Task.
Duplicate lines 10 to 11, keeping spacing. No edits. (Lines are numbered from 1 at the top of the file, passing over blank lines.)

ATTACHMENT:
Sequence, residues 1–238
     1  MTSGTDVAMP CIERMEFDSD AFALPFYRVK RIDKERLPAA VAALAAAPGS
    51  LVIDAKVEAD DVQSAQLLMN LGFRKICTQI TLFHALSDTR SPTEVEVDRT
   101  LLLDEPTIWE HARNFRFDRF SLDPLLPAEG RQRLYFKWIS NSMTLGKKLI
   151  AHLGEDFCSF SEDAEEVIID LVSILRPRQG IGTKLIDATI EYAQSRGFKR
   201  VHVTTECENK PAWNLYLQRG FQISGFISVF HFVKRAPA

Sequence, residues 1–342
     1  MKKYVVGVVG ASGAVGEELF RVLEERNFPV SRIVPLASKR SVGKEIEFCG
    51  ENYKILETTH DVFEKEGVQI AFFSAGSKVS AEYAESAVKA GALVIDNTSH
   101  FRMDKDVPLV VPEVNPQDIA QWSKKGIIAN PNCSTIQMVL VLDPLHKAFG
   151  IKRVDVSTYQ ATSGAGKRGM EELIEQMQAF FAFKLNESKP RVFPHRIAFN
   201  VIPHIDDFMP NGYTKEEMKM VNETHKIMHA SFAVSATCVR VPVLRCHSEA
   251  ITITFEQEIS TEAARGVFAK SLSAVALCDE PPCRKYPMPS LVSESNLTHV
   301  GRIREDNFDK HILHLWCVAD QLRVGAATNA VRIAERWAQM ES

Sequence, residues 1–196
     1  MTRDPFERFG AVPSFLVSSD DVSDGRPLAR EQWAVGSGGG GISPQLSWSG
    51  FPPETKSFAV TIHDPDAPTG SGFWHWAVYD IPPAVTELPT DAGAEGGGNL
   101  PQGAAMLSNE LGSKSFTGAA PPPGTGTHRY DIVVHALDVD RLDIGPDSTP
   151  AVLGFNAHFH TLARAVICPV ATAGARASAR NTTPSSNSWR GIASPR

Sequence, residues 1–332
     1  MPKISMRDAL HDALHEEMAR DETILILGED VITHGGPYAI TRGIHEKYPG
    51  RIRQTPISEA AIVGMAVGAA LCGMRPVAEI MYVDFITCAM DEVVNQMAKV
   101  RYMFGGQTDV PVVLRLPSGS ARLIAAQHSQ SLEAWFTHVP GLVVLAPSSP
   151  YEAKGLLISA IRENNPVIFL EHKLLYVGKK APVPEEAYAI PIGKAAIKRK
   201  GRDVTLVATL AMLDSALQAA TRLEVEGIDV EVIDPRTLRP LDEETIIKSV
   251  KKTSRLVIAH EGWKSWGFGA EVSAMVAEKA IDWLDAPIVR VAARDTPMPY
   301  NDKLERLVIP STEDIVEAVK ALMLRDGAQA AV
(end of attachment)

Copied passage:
   101  FRMDKDVPLV VPEVNPQDIA QWSKKGIIAN PNCSTIQMVL VLDPLHKAFG
   151  IKRVDVSTYQ ATSGAGKRGM EELIEQMQAF FAFKLNESKP RVFPHRIAFN